Democratic presidential nomination contender Pete Buttigieg surged to a commanding lead in a poll last week of Iowa party members likely to participate in statewide caucuses on Feb. 3.
The CNN/Des Moines Register/Mediacom survey pegs his support at 25 percent, a 16-point rise in the past two months. The party’s national frontrunners – Joe Biden, Elizabeth Warren, and Bernie Sanders – are locked in a tight three-way race for second place with each approximately 10-points behind Buttigieg.
Buttigieg’s growth in popularity among Iowa Democrats is compatible with both the demographic composition and political tradition of party loyalists. Democrats in the Hawkeye State are overwhelmingly white and liberal, Buttigieg’s core constituencies, and party caucus voters often back up-and-coming underdogs.
The outgoing South Bend mayor from nearby Indiana is a classic choice for Iowa Democrats. Being smart, thoughtful, articulate, humble, and exuding a calm demeanor are Midwest commodities that play well. This columnist expressed skepticism about Pete’s prospects in the spring, although not his personal performance, but the glaring general election electoral weaknesses of other candidates may provide him an opportunity to prove competitive in the contest for the party crown.
Coupled with former President Barack Obama’s stern warning last Friday that party candidates are swinging too far to the left to be elected, following a similar entreaty from former President Bill Clinton, Iowans might further gravitate toward the liberal-but-center-left Mayor Pete. “The average American doesn’t think we have to completely tear down the system to remake it,” Obama cautioned in what is widely viewed as a thinly veiled critique of both Sanders and Warren.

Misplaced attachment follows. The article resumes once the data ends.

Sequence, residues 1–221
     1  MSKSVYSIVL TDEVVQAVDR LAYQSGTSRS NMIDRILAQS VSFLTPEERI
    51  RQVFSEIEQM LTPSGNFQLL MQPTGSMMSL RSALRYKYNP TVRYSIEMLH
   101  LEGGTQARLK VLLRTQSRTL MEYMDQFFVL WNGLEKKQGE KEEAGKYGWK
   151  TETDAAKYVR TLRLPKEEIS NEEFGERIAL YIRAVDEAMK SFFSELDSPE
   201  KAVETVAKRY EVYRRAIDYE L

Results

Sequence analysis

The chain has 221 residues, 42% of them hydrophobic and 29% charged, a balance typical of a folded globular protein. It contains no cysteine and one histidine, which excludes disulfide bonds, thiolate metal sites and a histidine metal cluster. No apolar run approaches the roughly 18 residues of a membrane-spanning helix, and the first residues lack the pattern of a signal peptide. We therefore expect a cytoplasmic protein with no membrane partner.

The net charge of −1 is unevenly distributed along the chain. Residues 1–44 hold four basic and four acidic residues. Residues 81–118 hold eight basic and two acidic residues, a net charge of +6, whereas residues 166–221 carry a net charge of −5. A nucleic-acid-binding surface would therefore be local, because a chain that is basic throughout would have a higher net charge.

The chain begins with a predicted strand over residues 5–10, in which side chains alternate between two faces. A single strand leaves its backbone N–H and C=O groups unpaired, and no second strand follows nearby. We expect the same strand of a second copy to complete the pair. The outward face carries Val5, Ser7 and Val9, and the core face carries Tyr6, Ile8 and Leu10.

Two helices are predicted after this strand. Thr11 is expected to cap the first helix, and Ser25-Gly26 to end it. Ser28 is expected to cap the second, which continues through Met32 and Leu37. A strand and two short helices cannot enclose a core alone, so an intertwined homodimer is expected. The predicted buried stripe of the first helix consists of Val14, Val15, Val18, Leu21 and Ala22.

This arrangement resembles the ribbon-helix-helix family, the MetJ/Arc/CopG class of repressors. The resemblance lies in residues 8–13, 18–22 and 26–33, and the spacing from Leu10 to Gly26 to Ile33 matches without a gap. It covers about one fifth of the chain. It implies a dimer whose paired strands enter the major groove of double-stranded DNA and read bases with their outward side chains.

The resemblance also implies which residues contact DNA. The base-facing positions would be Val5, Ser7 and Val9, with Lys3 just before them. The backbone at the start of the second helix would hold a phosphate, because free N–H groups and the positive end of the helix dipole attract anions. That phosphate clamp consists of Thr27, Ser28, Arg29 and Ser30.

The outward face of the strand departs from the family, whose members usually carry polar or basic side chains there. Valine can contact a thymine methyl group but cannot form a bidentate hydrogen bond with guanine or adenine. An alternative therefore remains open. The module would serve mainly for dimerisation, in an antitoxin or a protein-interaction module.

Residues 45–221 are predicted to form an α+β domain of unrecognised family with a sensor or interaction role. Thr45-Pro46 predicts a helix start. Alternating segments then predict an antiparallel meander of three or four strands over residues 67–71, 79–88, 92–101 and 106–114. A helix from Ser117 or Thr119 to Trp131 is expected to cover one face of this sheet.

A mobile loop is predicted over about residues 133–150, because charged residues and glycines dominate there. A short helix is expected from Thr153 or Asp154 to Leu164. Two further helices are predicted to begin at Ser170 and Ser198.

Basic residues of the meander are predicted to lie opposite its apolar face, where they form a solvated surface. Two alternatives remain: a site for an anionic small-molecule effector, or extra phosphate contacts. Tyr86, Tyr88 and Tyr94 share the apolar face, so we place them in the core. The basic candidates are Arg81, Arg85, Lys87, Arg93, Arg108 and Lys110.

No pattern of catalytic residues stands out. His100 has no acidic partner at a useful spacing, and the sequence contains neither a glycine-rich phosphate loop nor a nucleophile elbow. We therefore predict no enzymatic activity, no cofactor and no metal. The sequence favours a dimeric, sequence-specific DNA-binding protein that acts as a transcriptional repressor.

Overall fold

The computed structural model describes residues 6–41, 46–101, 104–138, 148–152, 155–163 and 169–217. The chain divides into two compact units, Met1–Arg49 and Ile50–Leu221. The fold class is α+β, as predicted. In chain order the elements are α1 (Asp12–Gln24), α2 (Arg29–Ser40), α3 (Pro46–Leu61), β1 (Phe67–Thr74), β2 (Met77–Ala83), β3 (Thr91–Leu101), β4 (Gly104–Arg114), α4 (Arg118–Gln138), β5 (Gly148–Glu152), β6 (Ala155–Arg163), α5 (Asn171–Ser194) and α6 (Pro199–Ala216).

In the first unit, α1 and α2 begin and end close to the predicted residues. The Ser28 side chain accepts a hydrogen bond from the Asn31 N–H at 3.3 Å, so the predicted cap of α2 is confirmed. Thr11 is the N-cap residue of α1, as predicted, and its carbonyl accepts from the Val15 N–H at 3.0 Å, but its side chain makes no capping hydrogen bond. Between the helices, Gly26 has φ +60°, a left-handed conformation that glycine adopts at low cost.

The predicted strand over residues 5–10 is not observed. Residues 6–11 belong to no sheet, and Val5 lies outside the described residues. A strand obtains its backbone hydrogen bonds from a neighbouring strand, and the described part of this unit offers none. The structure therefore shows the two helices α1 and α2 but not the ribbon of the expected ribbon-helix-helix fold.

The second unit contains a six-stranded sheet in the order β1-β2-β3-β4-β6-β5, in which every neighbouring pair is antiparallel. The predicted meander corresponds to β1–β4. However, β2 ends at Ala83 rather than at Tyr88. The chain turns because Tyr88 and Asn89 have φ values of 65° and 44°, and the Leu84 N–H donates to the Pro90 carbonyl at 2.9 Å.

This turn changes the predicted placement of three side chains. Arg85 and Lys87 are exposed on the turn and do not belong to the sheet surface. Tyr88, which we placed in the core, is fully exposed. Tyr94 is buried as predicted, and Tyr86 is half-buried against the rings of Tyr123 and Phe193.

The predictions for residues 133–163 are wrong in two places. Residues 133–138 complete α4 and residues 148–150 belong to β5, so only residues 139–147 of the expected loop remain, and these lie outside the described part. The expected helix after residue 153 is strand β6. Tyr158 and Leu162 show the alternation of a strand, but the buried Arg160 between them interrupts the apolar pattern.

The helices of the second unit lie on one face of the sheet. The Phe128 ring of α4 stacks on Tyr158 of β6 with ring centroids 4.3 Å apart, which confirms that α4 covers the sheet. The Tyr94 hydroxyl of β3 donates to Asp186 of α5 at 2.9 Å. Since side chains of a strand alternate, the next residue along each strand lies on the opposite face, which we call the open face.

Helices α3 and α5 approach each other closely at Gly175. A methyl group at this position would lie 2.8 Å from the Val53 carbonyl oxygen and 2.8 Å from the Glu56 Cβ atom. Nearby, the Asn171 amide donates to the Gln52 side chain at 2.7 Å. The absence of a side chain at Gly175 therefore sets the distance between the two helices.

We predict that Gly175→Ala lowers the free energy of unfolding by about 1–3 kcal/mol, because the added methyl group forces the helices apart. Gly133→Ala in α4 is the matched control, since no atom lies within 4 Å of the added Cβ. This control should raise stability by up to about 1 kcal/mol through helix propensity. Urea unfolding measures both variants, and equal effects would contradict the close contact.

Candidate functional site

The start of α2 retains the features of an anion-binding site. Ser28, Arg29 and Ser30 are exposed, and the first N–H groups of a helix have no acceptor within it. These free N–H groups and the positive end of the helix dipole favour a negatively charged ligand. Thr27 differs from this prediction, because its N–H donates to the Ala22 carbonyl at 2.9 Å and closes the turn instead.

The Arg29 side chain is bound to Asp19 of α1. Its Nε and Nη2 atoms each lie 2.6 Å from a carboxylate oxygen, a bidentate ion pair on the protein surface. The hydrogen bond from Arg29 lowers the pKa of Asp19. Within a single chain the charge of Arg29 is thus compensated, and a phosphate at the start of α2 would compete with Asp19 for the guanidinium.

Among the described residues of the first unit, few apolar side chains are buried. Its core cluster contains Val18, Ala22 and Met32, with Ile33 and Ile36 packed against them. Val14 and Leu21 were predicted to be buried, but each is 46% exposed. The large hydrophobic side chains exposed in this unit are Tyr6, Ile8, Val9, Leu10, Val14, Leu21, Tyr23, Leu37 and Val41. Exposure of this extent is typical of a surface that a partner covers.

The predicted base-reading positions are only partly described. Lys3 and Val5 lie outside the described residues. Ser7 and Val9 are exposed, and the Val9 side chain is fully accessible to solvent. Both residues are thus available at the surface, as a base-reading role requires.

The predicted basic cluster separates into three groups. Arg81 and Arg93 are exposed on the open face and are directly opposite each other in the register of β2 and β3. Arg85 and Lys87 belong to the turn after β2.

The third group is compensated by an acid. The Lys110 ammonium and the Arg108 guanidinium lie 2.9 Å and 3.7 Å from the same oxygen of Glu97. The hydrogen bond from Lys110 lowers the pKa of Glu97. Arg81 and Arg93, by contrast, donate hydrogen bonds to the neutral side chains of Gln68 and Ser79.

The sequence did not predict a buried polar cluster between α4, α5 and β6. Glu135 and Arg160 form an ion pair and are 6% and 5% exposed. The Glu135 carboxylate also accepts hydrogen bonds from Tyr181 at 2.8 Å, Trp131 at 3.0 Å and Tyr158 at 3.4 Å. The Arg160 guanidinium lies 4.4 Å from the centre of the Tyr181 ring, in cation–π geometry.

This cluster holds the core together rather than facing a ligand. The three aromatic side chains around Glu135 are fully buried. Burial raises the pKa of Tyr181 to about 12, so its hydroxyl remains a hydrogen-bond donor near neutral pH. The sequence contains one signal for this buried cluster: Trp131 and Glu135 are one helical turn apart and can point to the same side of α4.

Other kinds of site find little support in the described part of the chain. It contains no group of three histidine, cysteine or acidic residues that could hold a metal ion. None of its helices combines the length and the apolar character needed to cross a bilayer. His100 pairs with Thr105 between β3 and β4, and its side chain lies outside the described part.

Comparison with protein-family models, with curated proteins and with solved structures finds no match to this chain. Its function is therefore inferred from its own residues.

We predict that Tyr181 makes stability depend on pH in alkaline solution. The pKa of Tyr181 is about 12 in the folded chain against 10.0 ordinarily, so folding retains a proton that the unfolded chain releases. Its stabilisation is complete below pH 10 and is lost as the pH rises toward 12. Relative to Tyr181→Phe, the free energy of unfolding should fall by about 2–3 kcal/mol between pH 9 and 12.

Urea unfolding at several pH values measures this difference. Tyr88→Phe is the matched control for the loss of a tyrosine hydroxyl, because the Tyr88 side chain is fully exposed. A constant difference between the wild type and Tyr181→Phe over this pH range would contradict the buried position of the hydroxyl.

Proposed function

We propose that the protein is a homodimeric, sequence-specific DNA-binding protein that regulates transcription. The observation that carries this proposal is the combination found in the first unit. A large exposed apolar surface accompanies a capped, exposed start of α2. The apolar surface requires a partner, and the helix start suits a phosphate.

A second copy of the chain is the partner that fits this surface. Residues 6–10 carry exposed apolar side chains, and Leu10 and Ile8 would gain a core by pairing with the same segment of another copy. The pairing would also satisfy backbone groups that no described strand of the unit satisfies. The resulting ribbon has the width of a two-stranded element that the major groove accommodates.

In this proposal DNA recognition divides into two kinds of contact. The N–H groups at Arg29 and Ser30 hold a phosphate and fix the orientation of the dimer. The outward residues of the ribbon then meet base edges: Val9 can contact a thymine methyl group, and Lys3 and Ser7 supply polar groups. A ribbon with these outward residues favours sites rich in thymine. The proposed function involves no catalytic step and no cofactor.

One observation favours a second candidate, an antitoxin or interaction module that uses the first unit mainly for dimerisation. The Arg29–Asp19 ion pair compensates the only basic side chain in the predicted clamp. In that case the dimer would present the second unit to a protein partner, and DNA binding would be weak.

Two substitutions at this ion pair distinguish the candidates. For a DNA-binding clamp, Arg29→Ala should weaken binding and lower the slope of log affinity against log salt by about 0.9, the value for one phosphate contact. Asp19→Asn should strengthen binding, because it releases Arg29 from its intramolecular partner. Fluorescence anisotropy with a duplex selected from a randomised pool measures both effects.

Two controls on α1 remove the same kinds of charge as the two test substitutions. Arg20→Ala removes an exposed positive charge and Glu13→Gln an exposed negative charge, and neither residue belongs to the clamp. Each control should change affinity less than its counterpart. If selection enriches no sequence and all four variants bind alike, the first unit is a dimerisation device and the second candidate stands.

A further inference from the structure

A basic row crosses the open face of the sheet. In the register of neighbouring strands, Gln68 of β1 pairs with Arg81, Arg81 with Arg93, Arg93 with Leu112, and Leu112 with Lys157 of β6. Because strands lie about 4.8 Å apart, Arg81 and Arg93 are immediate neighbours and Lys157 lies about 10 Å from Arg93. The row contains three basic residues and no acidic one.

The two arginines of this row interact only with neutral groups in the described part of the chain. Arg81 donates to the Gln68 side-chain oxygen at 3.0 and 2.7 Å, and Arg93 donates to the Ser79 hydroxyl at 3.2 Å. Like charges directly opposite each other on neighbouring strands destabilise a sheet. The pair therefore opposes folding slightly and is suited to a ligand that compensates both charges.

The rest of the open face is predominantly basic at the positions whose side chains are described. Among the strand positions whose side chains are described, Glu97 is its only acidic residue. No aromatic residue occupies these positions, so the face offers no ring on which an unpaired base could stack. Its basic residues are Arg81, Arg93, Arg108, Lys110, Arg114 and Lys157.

With both major political parties each commanding the allegiance of only ever-shrinking slivers of voters and internal policy conflicts causing strife among the few faithful, Obama is seen as attempting to rein-in Democratic extremists. He noted that “voters, including the Democratic voters and certainly persuadable independents or even moderate Republicans, are not driven by the same views that are reflected on certain, you know, left-leaning Twitter feeds.”
“There are a lot of persuadable voters and there are lots of Democrats out there who just want to see things make sense. They just don’t want to see crazy stuff,” Obama advised.
Buttigieg, a perceived “centrist” sufficiently left-leaning to potentially mollify the dominant Democratic far-left cadre, could continue to rise in popularity.
Being able to win next November is what matters most to party members, and the top contenders nationally cause big worries for Iowans by that measure, according to the poll.
Many are beginning to think an “outside-the-box” nominee, more moderate and perhaps not currently in the race, is what will be necessary.
At the moment, however, the query is simple: Is Pete the “Hail Mary” Democrats need?
The White House winner will be determined in only a tiny number of states. In fact, it’s possible the Democratic nominee will win the popular vote by many more millions than last time and again lose the Electoral College tally, due to the concentrated geographic clustering of Democrats and those who will vote with them.
An in-depth New York Times/Siena College poll last week indicates that leading contenders Biden, Warren, and Sanders manage to run only even at a statistical tie with President Donald Trump in the competitive “decider” states of Florida, Michigan, Pennsylvania, Wisconsin, North Carolina, and Arizona. While national polls indicate each would beat the incumbent overall, the survey found Trump remains “highly competitive” in all six states almost certain to decide the outcome.
Is Buttigieg better able to win in those places? It will likely take a candidate not currently at the top of polls nationally, as that leaderboard trio is increasingly feared not electable. Whether Pete’s the one who is could make for a grand gamble.
The gay guy must convince Democrats desperate to win he’s the candidate that can.